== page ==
‘Chicana/o’ term limits and excludes
Mexican. Mexican-American. American. Chicana?
Growing up, I never understood what the terminology meant. My parents defined a Chicana/o as someone who lost their heritage, their true Mexican culture: those who claimed to be better than many undocumented Mexicans attempting to build a better life here, as opposed to south of the border.
Chicanoism was something frowned upon in my family.
I kept that mentality growing up, and although that has changed, I still do not identify with the term Chicana/o.
According to the Texas State Historical Association, the term Chicano came from the Spanish colonization of Mexico. The indigenous population began calling themselves Meshicanos, which was later shortened, converting itself simply into Chicanos.
In a recent article, titled “Chicana/o Identity: An Unresolved Question,” Dr. Rodolfo F. Acuña depicts the controversy behind the true identity of Chicana/os. Acuña is one of CSUN’s most prominent professors, who founded the Chicano studies department in April 1969, at a time when the civil rights movement was at its prime.
Who better than he to stabilize the dilemma? However, even the great Acuña is yet to perceive the true meaning behind the terminology.
The Chicano movement rose in the 1960s, where members of minorities, specifically Mexicans, united to fight for social justices. These included farmworker and day laborer rights, access to higher education for youth and land entitlement.
In a book review of Yolanda Alaniz’s “Viva La Raza: A History of Chicano Identity and Resistance,” Dr. Grace Peña Delgado agrees that the Chicano movement created a barrier between Mexicans and Mexican-Americans, further contextualizing the notion that Chicanoism establishes an acceptance of bi-nationality.
A binational combination of Mexican and American values became the center of identity for those who identified with the term. Ni de aquí, ni de allá (Not from here, not from there). Neither, nor; Chicana/o.
Acuña explains in his article how another active member of the Chicano movement, Dr. Ramón Ruiz, would be scolded upon for signifying to Chicanas/os that they “should bow south to Mexico three times a day and contemplate our navels,” claiming that the majority of the youth who identified with the term had little, to no, knowledge of Mexico’s history.
He points out in his article that the majority of Chicana/o youth claim to have Aztec blood running in their veins and denounce all Criollo blood, people of mixed descent (Spanish and indigenous blood.) After the colonization of Mexico by the Spanish, the Criollo way of life became omnipresent, causing indigenous livelihood to slowly die out and become easily segregated.
As of 2010, Mexican-Americans comprise 63 percent of the Latina/o population in the United States, according to the Pew Hispanic Research Center, and 39 percent of these are immigrants.
Culminating up to the Chicano movement was the Bracero program, established by the U.S. government to enhance labor force, where millions of Mexicans crossed the border. This was one of the largest mass immigration flows coming from Mexico that the U.S. had seen thus far.
“In Mexico, there is no such thing as a mestizo majority and an indigenous minority. There is a variety of groups with cultural differences and alternate lifestyles, some indigenous, some not,” states a report from the National Commission for the Development of the Indigenous Peoples of Mexico.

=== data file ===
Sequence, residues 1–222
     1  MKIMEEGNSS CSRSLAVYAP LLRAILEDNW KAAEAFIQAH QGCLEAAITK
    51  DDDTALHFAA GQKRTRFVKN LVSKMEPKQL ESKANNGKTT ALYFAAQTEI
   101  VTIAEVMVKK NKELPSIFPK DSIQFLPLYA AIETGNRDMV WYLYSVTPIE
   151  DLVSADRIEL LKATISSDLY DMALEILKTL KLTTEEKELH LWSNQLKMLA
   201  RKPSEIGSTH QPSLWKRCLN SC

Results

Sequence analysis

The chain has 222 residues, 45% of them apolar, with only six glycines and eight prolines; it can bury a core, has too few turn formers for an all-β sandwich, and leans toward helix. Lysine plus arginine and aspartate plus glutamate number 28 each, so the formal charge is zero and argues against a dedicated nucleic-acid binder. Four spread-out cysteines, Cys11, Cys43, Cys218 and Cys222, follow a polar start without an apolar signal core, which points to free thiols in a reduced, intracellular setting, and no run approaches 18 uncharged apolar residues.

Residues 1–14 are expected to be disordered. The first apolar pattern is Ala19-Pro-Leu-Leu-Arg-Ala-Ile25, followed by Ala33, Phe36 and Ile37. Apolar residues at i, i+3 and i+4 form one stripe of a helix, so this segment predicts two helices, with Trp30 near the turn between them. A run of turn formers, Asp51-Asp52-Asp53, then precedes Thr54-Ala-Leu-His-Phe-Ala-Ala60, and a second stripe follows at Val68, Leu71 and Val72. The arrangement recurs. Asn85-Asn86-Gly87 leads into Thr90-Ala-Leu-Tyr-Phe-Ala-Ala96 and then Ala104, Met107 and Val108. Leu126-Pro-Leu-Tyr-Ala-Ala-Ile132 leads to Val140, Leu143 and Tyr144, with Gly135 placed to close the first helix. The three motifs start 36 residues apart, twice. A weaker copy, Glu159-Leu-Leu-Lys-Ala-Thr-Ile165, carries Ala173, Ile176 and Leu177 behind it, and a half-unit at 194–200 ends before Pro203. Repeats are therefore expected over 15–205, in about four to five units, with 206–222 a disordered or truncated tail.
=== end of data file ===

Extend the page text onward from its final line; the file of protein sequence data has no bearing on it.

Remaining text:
As Acuña states, “we should know Mexico. Know the Mexican past in the context of the United States in order to define what Chicanas/os, Latina/os, Indians or other variants are.”
Do I become a Chicana just because I have Mexican roots, I was born in the U.S. and believe in fighting for social justice causes?
Chicanoism is an identity and ideology, an idea of change and greatness that was born from the Mexican-American community.
The Chicano movement emerged out of resistance to oppression, with a massive support from the greater Latina/o community – not just Mexican-Americans.
According to Dr. David G. Gutiérrez, a Chicana/o studies professor from UC San Diego, the movement triggered action from the bigger Latina/o community. Unfortunately, as is common now to define anyone who “looks like a Mexican” to be, in fact, Mexican, it was no different then.
The majority of those who participated in the movement were Mexican-Americans, but what of those who weren’t? Mexicans, Guatemalans, Salvadorans, etc. Are they not to be referred to as Chicana/os, even though they were purposefully active in the movement?
If this be the case, let me be known as a Chicana and, purposefully enough, as a non-Chicana, too. Establishing the do’s and don’ts of an ideology can be a tricky one, especially when those who live by it play by their own rules.
To not identify as a Chicana does not mean to resent the term. Contrary to what my parents believed, I admire those who fought and achieved recognition during the movement, the same way I recognize all others who have rendered their lives in the pursuit of dignity.
I am American, and as true as that is, I am also Mexican. I find my homes to be in two countries where I hold citizenship and where I find many of whom I hold dear. This is not solely due to heritage, for if we were to take heritage into account, the possibilities and outcomes could be endless.
American blood runs through my veins, and by this I mean the entire Americas (North, South and Central). Has not every single person from one continent or another migrated to and fro? We are not of one sole ethnic bloodline, but of the world’s womb.